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08 May 2017

Family businesses facing tech challenges need to ‘reboot’ and show their resilience

There are more family businesses in the South East of England than any other area of the UK. They form an important part of the UK economy and - just like other businesses, across all sectors, they are affected by fast-changing technology.

With family businesses, however, there can be even greater challenges on how best to embrace the digital age. Finding family members who have the skills to lead the business in this accelerating global economy can be difficult. Embracing innovation and encouraging a smooth transition to the next generation needs to be a priority.

As an advisor to family businesses I was keen to explore how family firms have approached such challenges. Charles Russell Speechlys has recently commissioned some in-depth research into this topic involving leading academics, national and international family businesses and their advisors. The resulting research report, entitled “The Connected Generation: Rebooting family business succession for the digital age” makes interesting reading. The most surprising finding, in my view, is that in many ways our research debunks the general stereotype that technology is the remit of the ‘next generation.’ Family business owners are keen to respond to the challenges of the digital economy and are largely aware that innovation gives family firms great opportunities to ensure that the next generation engages with the business.


Embracing Technological Change

It is fair to say that younger family members are connected to their peers and an increasingly globalised world through social media and a network of technologies. They rely on Facebook, Instagram and other social media channels and communicate in a very different way to older generations. Younger family members understand how consumption patterns are changing and they can spot where the family business is lacking the expertise it needs to develop in a particular area.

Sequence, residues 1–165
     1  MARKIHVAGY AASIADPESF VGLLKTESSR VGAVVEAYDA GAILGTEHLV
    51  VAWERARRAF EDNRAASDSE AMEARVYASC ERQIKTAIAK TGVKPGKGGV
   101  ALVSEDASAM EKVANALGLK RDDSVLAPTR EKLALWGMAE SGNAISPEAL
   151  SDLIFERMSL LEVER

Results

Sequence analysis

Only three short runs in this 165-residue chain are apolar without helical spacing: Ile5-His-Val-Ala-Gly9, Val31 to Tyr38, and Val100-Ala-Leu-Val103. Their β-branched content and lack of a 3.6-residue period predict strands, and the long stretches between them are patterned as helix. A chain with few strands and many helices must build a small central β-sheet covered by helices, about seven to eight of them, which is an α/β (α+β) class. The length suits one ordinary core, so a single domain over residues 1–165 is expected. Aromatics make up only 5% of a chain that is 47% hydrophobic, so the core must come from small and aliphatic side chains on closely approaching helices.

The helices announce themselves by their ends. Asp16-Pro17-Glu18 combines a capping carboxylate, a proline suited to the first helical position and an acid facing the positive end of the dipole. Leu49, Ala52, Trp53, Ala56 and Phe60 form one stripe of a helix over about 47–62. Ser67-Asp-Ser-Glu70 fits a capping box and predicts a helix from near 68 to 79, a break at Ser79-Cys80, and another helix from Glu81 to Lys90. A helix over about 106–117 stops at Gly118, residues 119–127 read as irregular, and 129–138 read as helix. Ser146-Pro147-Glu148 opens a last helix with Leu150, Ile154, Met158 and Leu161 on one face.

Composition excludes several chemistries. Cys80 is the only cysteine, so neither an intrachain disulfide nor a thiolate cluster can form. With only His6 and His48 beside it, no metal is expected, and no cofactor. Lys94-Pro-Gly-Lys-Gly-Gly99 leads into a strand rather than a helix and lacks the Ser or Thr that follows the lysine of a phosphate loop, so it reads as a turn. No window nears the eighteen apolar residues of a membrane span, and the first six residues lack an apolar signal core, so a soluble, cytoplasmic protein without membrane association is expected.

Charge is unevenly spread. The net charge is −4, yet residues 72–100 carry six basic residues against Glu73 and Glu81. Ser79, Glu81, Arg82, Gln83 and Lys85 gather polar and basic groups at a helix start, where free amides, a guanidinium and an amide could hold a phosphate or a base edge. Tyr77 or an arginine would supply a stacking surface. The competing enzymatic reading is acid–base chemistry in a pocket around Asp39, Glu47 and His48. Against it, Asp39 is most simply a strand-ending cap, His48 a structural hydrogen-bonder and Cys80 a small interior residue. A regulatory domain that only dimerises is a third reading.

Adapting to Change

It is not the pace of technological change which seems the biggest area of concern to the future of family businesses. Attitudes are shifting: members of this connected generation may not want to just follow the well-trodden path into the family business - there are more opportunities out there for them and they may not receive a huge amount of credit from their peers for just following in Mum and Dad’s footsteps. The most important thing is for members of the different generations to have strong and open communications about their future plans and the opportunities ahead. Family businesses have survived, and prospered, in times of major change, and will continue to do so.


Driving the Business Forward

The overriding message from our research is that honest and open conversations between all generations are critical to sustaining a future for the family firm. In order to keep innovating and make a success of transition to future generations, family businesses must:

  1. Make transition more collaborative so that the next generation feel they can make a difference and test their ideas.
  2. Create a framework to introduce potential next generation leaders to the business and manage the complex legal and emotional issues involved in transition.


Bringing the Next Generation into Your Business

We have also produced a comprehensive guide - “Connecting generations: a guide for entrepreneurs and family businesses” - which examines the legal and governance issues faced by family businesses at different stages of their development and offers some practical guidance, particularly around the area of succession.


Five practical tips to bring the next generation into your family business

  1. Teach them by example when they are young - its never too early to start - pay them to work in the business at weekends or in the holidays.
  2. Send them on a ‘next gen’ course to teach them relevant leadership and entrepreneurial skills.
  3. Listen to their passions and identify ways they can express them in the context of the business; see how the business can adapt to encourage their participation.
  4. Ask them to help you solve a technology related problem or run a social media campaign; give them ownership of it and the resources to do it.
  5. If they say they don’t want to join the business now, try to avoid ultimatums; encourage them on their path and keep an open mind about where they might fit in the business later.


This article originally appeared in Surrey Life.

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